Genre: humor remix of horror icons with romance and literary stuff, all with funny animals
Context: originally published all over the place; collected by Fantagraphics in 2008
I don’t want to get to thinking about Jason’s art too much since I’m pretty sure I have three more books of his to read as the project winds on. Instead, I want to try to say something specifically about this book. It starts of with a number of shorter strips — gag strips, I guess. Some are a page or two long. Some are literally strips, just three or four panels. Across them trot zombies, vampires, skeletons, Frankenstein’s monsters, and even a couple The Terminators. As the strips go on, these characters meet up and mix until the final pages of the first section become a sort phantasmagorical clip show of archetypes, taking off masks and seeing each other and TV and blending into one another.
It feels like Jason emptied out his toy box and kept his Ninja Turtles together and his GI Joes together and so on… until he realized he could play with them all together. And there is something posed about his art and his storytelling, almost like he’s taking high-contrast photos of people he’s directing.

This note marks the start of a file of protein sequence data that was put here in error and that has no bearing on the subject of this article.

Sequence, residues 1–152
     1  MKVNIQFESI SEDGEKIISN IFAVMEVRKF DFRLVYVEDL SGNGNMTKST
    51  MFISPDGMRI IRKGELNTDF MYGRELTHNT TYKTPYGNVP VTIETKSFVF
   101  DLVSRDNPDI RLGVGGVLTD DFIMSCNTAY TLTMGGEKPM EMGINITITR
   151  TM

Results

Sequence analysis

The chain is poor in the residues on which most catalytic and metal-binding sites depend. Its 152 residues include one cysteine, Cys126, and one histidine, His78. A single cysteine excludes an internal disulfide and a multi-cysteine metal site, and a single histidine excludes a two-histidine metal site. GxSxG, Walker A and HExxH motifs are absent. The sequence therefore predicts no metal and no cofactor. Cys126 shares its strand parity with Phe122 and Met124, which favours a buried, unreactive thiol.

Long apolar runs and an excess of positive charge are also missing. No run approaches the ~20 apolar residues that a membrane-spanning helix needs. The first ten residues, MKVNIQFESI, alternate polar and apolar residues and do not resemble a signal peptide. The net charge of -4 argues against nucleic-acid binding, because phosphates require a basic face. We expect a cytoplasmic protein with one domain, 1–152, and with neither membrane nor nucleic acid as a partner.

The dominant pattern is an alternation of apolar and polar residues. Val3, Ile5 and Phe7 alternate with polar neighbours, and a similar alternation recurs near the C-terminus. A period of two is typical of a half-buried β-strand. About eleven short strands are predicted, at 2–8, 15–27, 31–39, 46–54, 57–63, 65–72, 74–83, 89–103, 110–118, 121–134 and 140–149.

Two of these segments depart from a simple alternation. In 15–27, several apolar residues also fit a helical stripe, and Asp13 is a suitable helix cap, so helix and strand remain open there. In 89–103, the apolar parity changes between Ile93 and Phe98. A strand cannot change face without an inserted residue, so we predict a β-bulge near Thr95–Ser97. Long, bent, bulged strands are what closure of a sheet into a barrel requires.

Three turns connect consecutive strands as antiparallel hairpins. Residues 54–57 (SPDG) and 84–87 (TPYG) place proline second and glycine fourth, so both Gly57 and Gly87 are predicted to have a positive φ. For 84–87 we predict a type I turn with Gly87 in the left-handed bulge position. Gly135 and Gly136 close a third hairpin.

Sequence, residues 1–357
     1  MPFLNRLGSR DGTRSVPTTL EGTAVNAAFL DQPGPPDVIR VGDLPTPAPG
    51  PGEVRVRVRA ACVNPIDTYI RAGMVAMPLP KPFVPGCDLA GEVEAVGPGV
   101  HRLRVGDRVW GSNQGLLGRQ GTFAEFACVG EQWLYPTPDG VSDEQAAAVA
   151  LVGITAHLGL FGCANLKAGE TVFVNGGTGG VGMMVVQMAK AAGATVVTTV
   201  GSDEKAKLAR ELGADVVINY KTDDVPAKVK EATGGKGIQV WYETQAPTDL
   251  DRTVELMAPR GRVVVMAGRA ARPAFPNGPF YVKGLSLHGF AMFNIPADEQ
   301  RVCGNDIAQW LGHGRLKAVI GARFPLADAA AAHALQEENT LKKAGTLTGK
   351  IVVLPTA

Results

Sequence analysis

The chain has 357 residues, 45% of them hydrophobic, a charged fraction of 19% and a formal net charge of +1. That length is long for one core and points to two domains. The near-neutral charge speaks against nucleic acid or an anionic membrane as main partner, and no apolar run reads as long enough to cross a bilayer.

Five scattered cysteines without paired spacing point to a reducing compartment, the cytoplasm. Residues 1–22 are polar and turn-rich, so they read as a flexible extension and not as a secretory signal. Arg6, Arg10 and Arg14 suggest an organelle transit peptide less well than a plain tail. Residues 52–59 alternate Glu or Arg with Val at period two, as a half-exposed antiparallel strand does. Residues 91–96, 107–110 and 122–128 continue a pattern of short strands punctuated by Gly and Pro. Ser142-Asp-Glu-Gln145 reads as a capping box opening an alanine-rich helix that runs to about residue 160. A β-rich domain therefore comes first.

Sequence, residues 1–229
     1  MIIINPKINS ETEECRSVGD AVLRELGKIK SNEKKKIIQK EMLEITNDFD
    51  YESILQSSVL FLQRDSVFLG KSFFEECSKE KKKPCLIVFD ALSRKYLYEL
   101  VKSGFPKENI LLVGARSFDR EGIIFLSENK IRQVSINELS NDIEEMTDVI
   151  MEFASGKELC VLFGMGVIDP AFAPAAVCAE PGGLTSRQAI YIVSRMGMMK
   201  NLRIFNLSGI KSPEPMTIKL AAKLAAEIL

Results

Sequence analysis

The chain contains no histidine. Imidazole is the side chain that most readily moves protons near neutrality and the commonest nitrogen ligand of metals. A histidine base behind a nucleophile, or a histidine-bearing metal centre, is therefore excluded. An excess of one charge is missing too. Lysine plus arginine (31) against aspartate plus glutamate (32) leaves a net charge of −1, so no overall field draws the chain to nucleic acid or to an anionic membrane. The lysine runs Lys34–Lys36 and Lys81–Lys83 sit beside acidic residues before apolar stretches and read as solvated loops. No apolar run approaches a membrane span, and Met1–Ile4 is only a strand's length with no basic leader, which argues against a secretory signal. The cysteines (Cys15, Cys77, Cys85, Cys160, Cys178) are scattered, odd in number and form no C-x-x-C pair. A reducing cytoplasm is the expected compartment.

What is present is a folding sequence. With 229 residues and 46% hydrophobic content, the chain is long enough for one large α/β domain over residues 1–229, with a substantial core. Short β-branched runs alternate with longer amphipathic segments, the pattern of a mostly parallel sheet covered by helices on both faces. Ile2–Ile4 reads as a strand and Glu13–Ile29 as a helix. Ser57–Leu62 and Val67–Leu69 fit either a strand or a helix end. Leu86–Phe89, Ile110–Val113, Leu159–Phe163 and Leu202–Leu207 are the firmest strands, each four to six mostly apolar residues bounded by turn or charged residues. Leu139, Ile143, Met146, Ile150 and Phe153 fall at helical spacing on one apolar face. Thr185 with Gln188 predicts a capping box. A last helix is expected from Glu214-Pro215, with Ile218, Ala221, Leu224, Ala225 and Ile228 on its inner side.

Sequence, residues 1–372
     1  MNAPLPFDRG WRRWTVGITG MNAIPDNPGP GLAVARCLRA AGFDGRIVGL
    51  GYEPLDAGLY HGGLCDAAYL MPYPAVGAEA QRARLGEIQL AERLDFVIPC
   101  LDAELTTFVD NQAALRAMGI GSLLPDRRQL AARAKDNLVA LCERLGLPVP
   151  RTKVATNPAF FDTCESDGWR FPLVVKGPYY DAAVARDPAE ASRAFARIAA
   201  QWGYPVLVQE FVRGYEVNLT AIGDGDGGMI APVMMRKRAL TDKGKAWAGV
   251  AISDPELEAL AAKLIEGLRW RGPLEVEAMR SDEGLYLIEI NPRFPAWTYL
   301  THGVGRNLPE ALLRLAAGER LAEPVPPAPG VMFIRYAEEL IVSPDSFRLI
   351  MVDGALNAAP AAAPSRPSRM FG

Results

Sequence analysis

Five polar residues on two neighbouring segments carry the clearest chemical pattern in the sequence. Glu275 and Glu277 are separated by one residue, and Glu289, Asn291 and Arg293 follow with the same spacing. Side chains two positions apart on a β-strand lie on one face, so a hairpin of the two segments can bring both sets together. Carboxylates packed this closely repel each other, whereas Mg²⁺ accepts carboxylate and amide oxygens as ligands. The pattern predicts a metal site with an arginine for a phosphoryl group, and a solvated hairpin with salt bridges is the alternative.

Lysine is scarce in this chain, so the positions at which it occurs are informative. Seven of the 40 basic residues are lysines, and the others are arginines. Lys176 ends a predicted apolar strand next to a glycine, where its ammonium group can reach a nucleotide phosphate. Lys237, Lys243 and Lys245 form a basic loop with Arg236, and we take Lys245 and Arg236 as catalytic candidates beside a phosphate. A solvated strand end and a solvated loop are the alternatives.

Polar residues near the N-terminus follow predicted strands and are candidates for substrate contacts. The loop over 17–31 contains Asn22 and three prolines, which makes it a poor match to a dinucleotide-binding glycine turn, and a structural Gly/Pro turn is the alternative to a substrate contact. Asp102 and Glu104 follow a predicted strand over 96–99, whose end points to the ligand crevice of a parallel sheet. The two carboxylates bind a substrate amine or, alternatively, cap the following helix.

Then there’s the masks and the blending. It gets really weird at times. In Jason’s art, a dog person and a duck person are only separated by a few details. A beak versus a muzzle, or a spiky crest of feathers or fur on the back of the head. At first, these are details that serve to differentiate characters. However, once dogs start donning fake beaks (that, in Jason’s minimalist style, look exactly like real beaks), any sense of confidence I had in who these people were became undermined. I became suspicious.
Once all the weirdness is done, there are longer stories. They seem to have an overriding theme regarding one’s insides being what’s important. The monster and the hunchback are good, the scientist is evil, and love, if it’s strong enough, persists even when the lovers become zombies. This is oddly consistent with the earlier part of the book. Outsides shift and change, but that doesn’t change a person’s identity. Maybe. I don’t know. I’m still a little weirded out.